In the fall of 2008, the United States and the rest of the world experienced significant financial turmoil. The financial industry as we knew it crumbled before our eyes. After experiencing this event and the media's fragmented and inconsistent coverage of it, I felt an interesting topic to look into was the financial press' failed coverage of the finance industry, both today and in the past. In looking at this event, I will focus on both the financial press that failed to cover the happenings of the financial industry, as well as those that did recognize the issue at hand. In doing this, I will include a content analysis of the relevant sections of The Wall Street Journal and The New York Times. In addition, I will also look into past financial crises, including the Enron scandal, the Savings and Loan crisis, and the Technology Bubble to see if the financial press' recent failure is the continuation of a long trend. After discussing the fragmented nature of the financial press, I will then discuss why the financial press had little effect on individuals, despite some actually good coverage existing. In discussing this issue, I will focus on topics such as the media’s lack of objectivity and the audience's unwillingness to accept the situations they are presented with. Finally, I will suggest ways to rectify this situation, such as news consumers becoming more media literate.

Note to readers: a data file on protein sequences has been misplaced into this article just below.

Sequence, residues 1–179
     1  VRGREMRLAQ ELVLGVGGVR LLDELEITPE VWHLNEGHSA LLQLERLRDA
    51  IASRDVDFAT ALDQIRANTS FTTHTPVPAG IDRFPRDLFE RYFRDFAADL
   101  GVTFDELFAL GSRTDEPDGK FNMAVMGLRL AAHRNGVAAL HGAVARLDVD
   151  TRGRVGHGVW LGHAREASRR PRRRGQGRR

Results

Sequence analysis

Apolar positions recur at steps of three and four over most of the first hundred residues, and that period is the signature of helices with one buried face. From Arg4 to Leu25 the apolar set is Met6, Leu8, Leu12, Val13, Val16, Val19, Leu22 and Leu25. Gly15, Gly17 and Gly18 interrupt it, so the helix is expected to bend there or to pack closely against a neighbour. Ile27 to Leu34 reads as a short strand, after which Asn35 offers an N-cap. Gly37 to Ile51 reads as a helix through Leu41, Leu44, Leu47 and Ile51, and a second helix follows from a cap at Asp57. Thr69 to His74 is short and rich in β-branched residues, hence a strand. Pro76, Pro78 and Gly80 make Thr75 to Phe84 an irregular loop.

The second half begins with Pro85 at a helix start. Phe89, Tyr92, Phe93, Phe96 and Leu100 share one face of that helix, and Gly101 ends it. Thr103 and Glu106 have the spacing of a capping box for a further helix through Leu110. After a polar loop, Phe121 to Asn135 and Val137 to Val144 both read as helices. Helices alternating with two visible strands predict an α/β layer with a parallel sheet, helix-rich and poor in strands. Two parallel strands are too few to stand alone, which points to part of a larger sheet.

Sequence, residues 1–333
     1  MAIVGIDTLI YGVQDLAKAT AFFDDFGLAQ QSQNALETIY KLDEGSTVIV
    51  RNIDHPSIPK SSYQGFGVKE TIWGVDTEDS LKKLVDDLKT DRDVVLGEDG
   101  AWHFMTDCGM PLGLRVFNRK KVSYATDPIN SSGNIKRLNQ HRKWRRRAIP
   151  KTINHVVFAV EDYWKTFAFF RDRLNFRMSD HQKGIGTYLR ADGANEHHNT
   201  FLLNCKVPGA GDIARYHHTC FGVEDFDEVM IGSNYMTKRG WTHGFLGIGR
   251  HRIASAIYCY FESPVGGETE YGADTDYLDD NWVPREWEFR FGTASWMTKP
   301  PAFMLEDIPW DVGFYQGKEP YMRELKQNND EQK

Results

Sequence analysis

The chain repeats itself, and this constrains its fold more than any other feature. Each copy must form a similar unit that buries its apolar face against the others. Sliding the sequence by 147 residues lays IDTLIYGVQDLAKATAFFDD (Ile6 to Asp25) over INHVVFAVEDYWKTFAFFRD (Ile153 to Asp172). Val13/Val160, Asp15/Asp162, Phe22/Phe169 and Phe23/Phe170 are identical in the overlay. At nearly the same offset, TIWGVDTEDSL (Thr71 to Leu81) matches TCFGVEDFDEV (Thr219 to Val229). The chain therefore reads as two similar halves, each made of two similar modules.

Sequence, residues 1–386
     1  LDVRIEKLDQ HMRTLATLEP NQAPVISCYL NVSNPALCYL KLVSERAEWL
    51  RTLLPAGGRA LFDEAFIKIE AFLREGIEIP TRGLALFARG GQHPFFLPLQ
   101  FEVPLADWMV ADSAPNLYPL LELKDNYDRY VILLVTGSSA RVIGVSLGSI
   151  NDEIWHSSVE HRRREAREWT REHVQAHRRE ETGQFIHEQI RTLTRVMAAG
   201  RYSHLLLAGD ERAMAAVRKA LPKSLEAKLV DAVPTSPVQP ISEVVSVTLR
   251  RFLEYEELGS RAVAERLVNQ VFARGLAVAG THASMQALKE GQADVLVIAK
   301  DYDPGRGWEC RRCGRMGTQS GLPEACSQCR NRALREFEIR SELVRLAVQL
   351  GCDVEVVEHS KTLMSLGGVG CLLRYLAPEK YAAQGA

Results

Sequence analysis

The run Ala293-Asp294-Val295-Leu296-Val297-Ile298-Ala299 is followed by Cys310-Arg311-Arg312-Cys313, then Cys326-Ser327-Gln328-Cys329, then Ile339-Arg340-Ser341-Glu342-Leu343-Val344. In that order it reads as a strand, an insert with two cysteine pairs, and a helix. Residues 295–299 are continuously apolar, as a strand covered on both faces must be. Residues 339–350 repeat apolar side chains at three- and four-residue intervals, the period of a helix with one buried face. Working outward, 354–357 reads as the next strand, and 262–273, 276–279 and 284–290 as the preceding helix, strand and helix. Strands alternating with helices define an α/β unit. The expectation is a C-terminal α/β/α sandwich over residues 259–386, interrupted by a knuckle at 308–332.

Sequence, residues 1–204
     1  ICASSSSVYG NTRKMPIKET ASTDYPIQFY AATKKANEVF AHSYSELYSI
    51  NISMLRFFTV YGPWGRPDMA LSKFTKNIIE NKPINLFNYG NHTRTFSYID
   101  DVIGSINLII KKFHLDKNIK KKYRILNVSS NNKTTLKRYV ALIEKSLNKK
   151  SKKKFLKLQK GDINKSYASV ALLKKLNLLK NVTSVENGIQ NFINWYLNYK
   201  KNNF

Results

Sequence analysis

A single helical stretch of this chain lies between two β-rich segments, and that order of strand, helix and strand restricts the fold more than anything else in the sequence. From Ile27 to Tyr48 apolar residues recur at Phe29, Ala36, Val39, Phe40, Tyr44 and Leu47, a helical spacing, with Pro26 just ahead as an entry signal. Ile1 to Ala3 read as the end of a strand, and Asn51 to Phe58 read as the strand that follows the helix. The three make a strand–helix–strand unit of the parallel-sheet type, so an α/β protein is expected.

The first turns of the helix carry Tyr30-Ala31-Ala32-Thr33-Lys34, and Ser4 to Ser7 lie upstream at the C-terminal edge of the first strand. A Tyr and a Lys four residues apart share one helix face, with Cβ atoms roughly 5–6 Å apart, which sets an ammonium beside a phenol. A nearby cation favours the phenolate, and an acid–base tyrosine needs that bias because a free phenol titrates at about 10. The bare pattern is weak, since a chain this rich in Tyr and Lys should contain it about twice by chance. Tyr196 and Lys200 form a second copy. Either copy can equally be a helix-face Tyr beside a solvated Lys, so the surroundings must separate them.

Recommended CitationDickinson, Margaret, "Where Were the Media in the Financial Crisis of 2008, and Have We Seen This Trend Before?" (2010). Honors Projects in Communication. Paper 7.